“The Knysna Golf Club will hold a special general meeting on Monday, August 22nd to decide whether or not to build a new championship 18 hole golf course. The project is expected to cost R75,000 of which R20,000 has already been donated to the club by Mr. H.W. Thesen.

“The proposed new course is north-west of Knysna on the property of the English Church Property Board. The proposed site of the new clubhouse is just less than three miles from the Knysna Post Office. The whole area is about 100 morgen. All members of the club were recently sent notice of the meeting to discuss the proposed new course. Each also received a memorandum from the president of the club, Mr. R L E Condon, setting out the reason why the club’s management committee was considering building a new course. The meeting was put ahead to August 22nd, 1966 from August 18th. Mr. Condon said the present course was comparatively short and featureless. Even if it were expanded to 18 holes these features would remain. Although visitors often praised the condition of the course, Knysna would remain a backwater as far as golf was concerned. It could play no part in the development of Knysna or the Southern Cape as a golfing centre.

“Describing the site of the proposed new course, Mr. Condon said the nature of the ground lent itself to the construction of a ‘truly magnificent’ course. The area was undulating with natural features and easy gradients. The soil was good and there appeared to be abundant water. The area was one of great scenic beauty and was ideal for a future country club. The ground would cost R10,000, the clubhouse R30,000 and course R35,000, repayable over 25 years if subscriptions were increased, bar profits rose and green fees were increased as expected. Special arrangements could be made to protect the present level of subscriptions paid by pensioner members. ‘The choice before us is one of remaining in relative obscurity in the golfing and sporting world or creating something which could be the most talked about club in the Republic’, concluded Mr. Condon.

The matter was raised again in the newspaper on 16th August of that year:

“At the meeting held to discuss the proposal the members were not in favour of the new site. In addition the Church’s offer to sell the land had been withdrawn and the proposal therefore fell through.”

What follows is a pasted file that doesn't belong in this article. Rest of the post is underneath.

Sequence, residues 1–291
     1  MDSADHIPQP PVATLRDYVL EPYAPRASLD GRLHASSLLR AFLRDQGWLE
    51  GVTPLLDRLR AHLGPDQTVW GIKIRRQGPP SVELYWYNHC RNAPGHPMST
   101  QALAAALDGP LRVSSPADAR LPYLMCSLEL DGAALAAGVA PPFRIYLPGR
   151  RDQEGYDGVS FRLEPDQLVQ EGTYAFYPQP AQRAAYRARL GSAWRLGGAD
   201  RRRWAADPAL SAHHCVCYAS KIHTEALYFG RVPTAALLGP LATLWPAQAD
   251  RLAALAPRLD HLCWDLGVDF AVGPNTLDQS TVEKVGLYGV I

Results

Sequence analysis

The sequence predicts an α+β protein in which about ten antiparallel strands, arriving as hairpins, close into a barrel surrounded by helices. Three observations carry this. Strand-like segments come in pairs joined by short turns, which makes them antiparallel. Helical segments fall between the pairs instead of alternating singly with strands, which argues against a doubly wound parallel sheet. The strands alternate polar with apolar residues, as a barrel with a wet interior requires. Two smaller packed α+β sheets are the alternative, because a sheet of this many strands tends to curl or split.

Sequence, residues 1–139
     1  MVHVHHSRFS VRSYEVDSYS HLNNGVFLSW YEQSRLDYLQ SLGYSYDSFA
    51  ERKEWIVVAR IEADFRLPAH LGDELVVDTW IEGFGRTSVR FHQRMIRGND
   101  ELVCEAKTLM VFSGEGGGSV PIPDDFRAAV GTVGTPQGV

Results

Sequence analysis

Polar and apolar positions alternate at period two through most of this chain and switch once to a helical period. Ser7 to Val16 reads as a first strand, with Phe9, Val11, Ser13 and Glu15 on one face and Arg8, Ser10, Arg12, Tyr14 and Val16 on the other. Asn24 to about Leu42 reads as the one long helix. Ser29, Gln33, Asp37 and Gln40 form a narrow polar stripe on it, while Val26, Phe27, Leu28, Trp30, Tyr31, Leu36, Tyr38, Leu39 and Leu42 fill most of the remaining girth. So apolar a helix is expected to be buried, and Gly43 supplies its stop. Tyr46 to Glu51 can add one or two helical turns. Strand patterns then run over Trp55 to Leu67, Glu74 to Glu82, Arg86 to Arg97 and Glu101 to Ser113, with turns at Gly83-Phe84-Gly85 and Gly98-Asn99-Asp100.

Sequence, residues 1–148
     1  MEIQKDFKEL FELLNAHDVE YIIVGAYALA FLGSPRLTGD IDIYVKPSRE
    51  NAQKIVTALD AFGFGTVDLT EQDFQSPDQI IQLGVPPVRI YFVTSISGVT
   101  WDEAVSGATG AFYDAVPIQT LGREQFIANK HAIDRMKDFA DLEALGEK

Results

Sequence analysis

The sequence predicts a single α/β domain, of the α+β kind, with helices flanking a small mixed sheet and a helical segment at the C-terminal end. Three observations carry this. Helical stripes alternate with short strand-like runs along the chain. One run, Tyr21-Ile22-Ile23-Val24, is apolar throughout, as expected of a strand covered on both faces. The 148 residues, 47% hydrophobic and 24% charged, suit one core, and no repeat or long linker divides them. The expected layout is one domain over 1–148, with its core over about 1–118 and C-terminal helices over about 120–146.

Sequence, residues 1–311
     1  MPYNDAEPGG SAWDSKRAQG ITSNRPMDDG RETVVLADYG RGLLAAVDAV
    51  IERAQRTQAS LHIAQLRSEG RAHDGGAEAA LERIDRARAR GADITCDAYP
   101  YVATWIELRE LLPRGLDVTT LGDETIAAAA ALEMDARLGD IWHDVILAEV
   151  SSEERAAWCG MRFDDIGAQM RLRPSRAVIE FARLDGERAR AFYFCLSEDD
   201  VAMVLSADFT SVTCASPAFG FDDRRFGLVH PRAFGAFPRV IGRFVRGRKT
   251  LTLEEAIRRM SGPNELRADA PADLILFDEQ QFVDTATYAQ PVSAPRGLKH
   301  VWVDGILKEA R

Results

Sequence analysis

Bigger and better

The George and Knysna Herald of 24th May 1968 reported that:

“Knysna is to have an 18 hole golf course soon. The Town Council has agreed to the extension of the present site bounded by Howard Street in the north, Kennet Street in the east, Wilson Street in the south and Heads Street in the West.

“Mr. R L E Condon, President of the Club and Mr. H M Hulett, Captain, completed the negotiations with the Town Council last week. The present nine hole course will now be re-designed and incorporated in the general layout of the new 18-hole course. Mr. Hulett told The Herald today that this does not affect the club’s future plans for an additional 18-hole course. ‘We are still looking for suitable land. This project might be launched within 10 years’, he said.”

According to Mr. Hulett the number of golf players in Knysna was growing every year: “A few years ago some 20 players took part in a Saturday afternoon game. Now-a-days there is a draw of at least 60. Many are young people,” he added. “A meeting of members will be held in the near future to discuss the various aspects of the new 18-hole course.”

Max Hulett played a major role in organizing the construction of the new nine holes. The official opening was reported on in The Herald of 30th March 1971: “At the official opening of the new nine holes at the Knysna Golf Club, a plaque in memory of the late Mr. Harald Thesen was unveiled by Mrs. Hildur Stent on behalf of the Thesen family. Mr Thesen had donated R20 000 towards the building of an 18-holes golf course. The club president Mr. Jack Finkelstein welcomed a large crowd to the unveiling and the official opening of the new nine holes of Knysna golf course.

The ceremony was held on Saturday afternoon, after the first round of the Knysna Hotel Cup had been played. Mr. Ernest. A. Meyer, the Mayor of Knysna, in his speech said that, although the golf club owes the new nine holes primarily to the generosity of Harald Thesen, the emphasis should be on the man and not the money. He knew Herald Thesen as a good citizen and he defined this as being one who contributes more to life than he takes out of it. He likened life to a game of golf saying it was not one’s ability to keep out of the rough that was so important but one’s ability to get out of the rough.

The Mayor extended the Town Council’s hearty congratulations on the Club’s elevation to an 18-hole golf course. The most pleasing aspect was that the extension had been achieved mainly through its own endeavours. The new nine holes had been built ‘departmentally’ which was a fine achievement. He paid particular tribute to Club Captain Max Hulett whose devotion and hard work had made the nine holes out of vlei, bush and wild grass. In this regard he had “confounded the critics and astounded his friends.”